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As an input I've got a plain SQL query smth like:

select * from (
    select * from Table where id in (1,2,3,4,5,6,642,7,8,9)
        or another_id in (1,2,3,4,5,6, 34 ,7 , 8,9))
where yet_another_id in (1,2)

I want to find all IN clause statements where the amount of arguments passed in is greater than XXX. So far I've came up with this solution.


where XXX is the number of arguments. Obviously, the first part:


eats all IN clause statements except the last one. How can I fix that? Any suggestions how can I improve the regex?

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updated the question and fixed one typo –  Funtik Dec 19 '11 at 11:11

2 Answers 2

up vote 3 down vote accepted

Try this here


So I removed some stuff from your expression and fixed an obvious error (\(?: where you escaped the wrong bracket.

The \b is a word boundary.

This is working now for me here on Regexr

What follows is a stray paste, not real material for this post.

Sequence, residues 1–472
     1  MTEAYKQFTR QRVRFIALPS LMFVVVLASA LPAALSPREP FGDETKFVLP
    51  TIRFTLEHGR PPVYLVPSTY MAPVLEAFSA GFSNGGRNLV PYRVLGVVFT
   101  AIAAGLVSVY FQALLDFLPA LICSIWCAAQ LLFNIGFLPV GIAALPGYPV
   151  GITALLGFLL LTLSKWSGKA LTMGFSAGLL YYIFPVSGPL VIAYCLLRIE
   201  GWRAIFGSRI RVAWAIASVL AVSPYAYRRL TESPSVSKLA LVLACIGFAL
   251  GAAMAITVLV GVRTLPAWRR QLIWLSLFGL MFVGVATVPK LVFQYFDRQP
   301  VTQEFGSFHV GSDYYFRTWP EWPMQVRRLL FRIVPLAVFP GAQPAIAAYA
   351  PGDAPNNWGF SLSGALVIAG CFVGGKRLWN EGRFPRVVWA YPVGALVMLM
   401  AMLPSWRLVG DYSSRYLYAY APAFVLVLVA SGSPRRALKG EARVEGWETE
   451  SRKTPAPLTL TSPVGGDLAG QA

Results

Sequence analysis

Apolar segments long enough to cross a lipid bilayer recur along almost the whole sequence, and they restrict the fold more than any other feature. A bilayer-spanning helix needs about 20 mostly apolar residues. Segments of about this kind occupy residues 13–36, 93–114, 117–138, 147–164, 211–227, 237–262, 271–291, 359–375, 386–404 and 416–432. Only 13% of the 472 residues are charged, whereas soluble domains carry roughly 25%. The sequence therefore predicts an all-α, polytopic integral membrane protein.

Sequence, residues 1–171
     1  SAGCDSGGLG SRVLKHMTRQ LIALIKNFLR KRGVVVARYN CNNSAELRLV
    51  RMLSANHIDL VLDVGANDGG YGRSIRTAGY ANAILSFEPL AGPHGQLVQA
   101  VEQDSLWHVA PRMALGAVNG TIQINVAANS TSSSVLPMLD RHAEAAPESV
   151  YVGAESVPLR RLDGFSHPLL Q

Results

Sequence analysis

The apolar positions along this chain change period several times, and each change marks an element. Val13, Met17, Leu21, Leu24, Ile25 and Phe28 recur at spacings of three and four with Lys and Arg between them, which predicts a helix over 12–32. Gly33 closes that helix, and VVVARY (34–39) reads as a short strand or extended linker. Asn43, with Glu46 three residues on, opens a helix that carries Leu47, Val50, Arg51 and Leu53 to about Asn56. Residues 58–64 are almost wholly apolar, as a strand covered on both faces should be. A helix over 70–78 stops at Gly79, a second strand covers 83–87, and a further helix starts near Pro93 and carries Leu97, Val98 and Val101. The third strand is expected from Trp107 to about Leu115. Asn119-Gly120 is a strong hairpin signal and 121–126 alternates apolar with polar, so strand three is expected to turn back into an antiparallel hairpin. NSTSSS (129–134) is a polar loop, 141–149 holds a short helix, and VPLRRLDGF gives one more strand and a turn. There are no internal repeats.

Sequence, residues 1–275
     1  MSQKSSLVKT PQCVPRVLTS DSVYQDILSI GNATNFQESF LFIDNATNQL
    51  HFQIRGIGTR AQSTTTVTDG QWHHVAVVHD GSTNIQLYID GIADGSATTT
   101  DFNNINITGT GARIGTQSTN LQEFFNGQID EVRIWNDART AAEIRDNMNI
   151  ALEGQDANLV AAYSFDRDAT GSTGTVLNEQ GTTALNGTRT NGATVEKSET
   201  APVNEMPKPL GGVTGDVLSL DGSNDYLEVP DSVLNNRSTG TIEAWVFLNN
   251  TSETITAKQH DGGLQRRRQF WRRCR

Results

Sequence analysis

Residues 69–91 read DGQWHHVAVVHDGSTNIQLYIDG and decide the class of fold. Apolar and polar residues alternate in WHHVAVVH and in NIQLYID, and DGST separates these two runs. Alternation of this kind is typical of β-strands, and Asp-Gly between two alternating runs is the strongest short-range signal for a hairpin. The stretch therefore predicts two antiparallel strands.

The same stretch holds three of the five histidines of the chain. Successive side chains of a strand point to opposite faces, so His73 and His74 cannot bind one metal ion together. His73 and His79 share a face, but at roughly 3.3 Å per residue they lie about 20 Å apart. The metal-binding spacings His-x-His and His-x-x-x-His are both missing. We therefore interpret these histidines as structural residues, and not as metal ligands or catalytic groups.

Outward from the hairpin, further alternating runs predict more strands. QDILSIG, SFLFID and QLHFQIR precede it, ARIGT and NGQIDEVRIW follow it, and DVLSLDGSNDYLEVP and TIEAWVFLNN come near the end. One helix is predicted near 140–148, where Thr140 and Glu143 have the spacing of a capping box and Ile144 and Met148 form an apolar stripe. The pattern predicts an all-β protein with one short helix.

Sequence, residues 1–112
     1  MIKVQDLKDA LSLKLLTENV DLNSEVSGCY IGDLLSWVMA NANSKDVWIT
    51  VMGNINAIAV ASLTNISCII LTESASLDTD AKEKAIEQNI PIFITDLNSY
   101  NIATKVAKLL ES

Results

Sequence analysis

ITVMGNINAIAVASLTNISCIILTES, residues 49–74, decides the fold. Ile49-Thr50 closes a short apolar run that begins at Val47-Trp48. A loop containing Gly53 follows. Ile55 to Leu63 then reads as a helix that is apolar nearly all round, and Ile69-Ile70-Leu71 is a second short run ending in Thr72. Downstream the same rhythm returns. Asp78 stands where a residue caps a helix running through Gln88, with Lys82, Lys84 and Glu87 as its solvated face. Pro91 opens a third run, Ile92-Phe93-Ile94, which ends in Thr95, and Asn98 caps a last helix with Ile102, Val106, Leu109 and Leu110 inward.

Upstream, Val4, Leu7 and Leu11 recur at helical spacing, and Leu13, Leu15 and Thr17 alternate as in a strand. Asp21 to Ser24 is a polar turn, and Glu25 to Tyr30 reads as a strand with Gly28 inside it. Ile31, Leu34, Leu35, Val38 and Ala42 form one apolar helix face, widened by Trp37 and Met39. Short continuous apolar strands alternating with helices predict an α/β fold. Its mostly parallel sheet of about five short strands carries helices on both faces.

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tried that, but it doesn't work. –  Funtik Dec 19 '11 at 8:54
@Funtik I changed my answer and added also a link to Regexr a useful online testing tool. –  stema Dec 19 '11 at 9:08
I've made a typo in the question, updated the question –  Funtik Dec 19 '11 at 11:12

You seem to be massively over complicating this with random + characters all over the place: \s*+ means 0 or more spaces repeated one or more times. \s* is sufficient. Then (?:in)+ means you want to match in or ininininininininin which doesn't seem right. Again the \,?+ means an optional comma repeated one or more times.

The real problem however is that after the literal \( you have ?: which isn't following open parentheses so that means \(?: is matching an optional ( followed by a non-optional :. You don't have any colons in the input so no possible matches.

Try something like this:

>>> import re
>>> text = '''select * from (
    select * from Table where id in (1,2,3,4,5,6,642,7,8,9)
        or another_id in (1,2,3,4,5,6, 34 ,7 , 8,9))
where yet_another_id in (1,2)'''
>>> re.findall("(?:in)\s*(\((?:[^),]+\,?){10,}\))", text)
['(1,2,3,4,5,6,642,7,8,9)', '(1,2,3,4,5,6, 34 ,7 , 8,9)']

You may or may not need the extra ^.*? and .*$ around the regex depending on how you are using this.

share|improve this answer
thanks for the reply and for the hints Yes, my solution by no means was an elegant one. I edited the question and fixed the typo regarding the brackets and optional group –  Funtik Dec 19 '11 at 11:28

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